Cryoburn, by Lois McMaster Bujold
Like some of its predecessors in the Miles Vorkosigan series  (notably Cetaganda, “Mountains of Mourning,” Komarr, and Diplomatic Immunity), this is a detective novel with the fate of planets at stake. Even more so, the way in which this alien planet (Kibou-daini) operates is itself a way of forcibly reminding Miles of his own mortality and brings to mind his own paternal responsibilities, all of which lead him into a dangerous situation that is quite frankly avoidable but precisely the sort of foreign mess that my own character and instincts and personality would lead me to involve myself in, an unwillingness to let corruption and injustice lie without being challenged, even after the direct mission is accomplished fairly straightforwardly.
In this particular novel, as well as plenty of perspectives of Miles, we get a little bit of perspective from loyal armsman and foil Roic (who provides a note of relative sanity and a straight man for Miles’ schtick) as well as the perspective of Jin, a young runaway boy with a deadly secret that manages to spur the plot onto its usual tight operation. From Jin we see Miles from the perspective of a clever but rather cynical young man, recognizing Miles as a kindly man, with a great deal of power, a certain amount of frailty, and a belief that the rules that apply to others do not necessarily apply to him. I wonder if those people who know me tend to think of the same thing of me, as I could definitely see how that would be the case, as well as seeing me as a chaotic force that brings excitement and change and some amount of drama with me wherever I go.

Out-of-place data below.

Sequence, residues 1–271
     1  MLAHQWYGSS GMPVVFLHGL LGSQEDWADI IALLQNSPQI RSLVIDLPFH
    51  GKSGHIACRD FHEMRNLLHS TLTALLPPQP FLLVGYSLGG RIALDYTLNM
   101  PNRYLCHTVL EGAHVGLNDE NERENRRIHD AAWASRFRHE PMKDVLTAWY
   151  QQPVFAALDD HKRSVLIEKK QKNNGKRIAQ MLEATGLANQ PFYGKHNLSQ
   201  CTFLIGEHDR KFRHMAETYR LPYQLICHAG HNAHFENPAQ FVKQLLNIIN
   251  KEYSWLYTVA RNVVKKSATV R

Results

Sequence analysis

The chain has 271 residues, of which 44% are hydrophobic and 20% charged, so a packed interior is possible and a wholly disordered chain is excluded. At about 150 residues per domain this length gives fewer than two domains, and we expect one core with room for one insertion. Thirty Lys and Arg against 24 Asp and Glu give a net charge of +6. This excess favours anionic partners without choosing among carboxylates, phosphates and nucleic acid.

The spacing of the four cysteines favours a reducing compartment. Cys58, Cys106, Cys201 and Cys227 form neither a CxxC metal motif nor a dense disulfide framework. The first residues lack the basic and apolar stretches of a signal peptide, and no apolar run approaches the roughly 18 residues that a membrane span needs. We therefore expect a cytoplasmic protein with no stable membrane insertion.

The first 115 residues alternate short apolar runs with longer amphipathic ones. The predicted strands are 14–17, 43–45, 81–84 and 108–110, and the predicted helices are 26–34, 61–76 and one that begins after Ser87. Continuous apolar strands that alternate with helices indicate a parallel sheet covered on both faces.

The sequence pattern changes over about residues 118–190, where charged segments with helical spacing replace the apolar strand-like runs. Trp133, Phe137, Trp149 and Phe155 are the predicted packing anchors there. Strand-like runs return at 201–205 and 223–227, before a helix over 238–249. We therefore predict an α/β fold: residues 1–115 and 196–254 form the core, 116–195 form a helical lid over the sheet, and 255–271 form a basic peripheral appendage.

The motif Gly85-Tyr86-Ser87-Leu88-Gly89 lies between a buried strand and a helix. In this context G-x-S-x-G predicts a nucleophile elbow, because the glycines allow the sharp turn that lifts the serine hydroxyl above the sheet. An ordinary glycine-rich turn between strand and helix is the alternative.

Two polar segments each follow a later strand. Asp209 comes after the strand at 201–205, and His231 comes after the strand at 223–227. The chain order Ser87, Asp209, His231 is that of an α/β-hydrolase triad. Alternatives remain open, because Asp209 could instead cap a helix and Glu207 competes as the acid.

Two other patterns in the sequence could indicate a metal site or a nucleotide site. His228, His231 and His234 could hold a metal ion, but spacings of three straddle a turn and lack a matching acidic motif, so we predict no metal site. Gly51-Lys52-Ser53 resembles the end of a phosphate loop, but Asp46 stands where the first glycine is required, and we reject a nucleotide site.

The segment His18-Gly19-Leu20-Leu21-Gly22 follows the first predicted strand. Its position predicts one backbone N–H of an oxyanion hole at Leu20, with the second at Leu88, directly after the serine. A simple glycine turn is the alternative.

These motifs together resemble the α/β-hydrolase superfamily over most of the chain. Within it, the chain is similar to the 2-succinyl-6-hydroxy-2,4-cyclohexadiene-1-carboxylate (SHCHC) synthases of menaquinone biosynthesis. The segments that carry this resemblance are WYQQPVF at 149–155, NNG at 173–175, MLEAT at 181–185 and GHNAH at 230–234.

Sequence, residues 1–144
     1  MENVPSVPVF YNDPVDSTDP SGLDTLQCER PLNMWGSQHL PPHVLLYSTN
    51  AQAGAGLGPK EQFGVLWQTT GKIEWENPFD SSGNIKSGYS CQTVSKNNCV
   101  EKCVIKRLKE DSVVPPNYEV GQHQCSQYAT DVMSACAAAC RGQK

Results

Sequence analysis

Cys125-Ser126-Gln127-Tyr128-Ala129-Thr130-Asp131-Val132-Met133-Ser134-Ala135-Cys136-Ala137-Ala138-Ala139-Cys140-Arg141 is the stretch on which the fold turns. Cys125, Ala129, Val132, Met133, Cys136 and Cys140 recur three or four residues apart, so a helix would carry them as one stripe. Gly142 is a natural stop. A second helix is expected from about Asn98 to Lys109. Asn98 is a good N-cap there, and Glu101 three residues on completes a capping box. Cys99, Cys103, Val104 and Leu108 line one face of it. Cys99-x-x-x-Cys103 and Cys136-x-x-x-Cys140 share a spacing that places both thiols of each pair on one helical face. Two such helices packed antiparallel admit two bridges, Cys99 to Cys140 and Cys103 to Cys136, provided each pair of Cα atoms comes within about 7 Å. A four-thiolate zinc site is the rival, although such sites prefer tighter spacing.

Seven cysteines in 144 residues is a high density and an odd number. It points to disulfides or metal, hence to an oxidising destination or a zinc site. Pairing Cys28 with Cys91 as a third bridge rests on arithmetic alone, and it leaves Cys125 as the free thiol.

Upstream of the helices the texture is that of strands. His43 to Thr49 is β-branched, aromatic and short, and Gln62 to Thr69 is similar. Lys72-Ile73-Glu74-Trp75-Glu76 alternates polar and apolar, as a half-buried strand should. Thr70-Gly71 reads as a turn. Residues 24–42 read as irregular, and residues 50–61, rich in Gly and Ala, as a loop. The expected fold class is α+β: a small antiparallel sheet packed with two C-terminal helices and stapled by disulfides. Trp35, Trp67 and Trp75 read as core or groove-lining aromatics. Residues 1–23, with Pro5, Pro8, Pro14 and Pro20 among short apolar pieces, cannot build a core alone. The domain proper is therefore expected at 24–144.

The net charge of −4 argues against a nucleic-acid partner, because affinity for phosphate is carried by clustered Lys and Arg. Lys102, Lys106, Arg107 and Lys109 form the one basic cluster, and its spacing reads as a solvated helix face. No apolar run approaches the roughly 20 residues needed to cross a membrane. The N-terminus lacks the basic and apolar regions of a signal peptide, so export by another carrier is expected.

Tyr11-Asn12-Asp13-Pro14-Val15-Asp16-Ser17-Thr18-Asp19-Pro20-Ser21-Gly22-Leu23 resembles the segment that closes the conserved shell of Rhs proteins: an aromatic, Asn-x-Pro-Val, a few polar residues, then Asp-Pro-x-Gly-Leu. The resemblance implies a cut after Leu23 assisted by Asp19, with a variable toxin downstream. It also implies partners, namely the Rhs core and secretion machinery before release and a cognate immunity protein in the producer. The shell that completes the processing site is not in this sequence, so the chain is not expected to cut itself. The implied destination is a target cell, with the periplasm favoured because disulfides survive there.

The main plot of this novel is rather straightforward–Miles is sent to a remote planet on the intuition of the Empress of his home planet, where he attends a conference, has a bad drug reaction, and ends up as a vagabond on the street and with a mystery to solve. After that, the plot mostly solves itself, given Miles’ cleverness and the resources of those around him and their willingness to go along with his knightly quest involving a political activist wrongly imprisoned in a frozen state and a deadly secret that would evaporate much of the property and political power of large oligarchies who control the planet’s scientific companies, who seek to take over control of one of Barrayar’s planets (Komarr) through a savvy means that thankfully Miles is able to solve. There is, at the end, a sudden and dramatic shift that relates closely with the book’s themes of mortality that brings the main line of these novels, it would appear, to a dramatic close by showing how Miles has grown into adulthood and is too burdened with scars and responsibilities to be the wild young man he used to be. That is not necessarily a bad thing.
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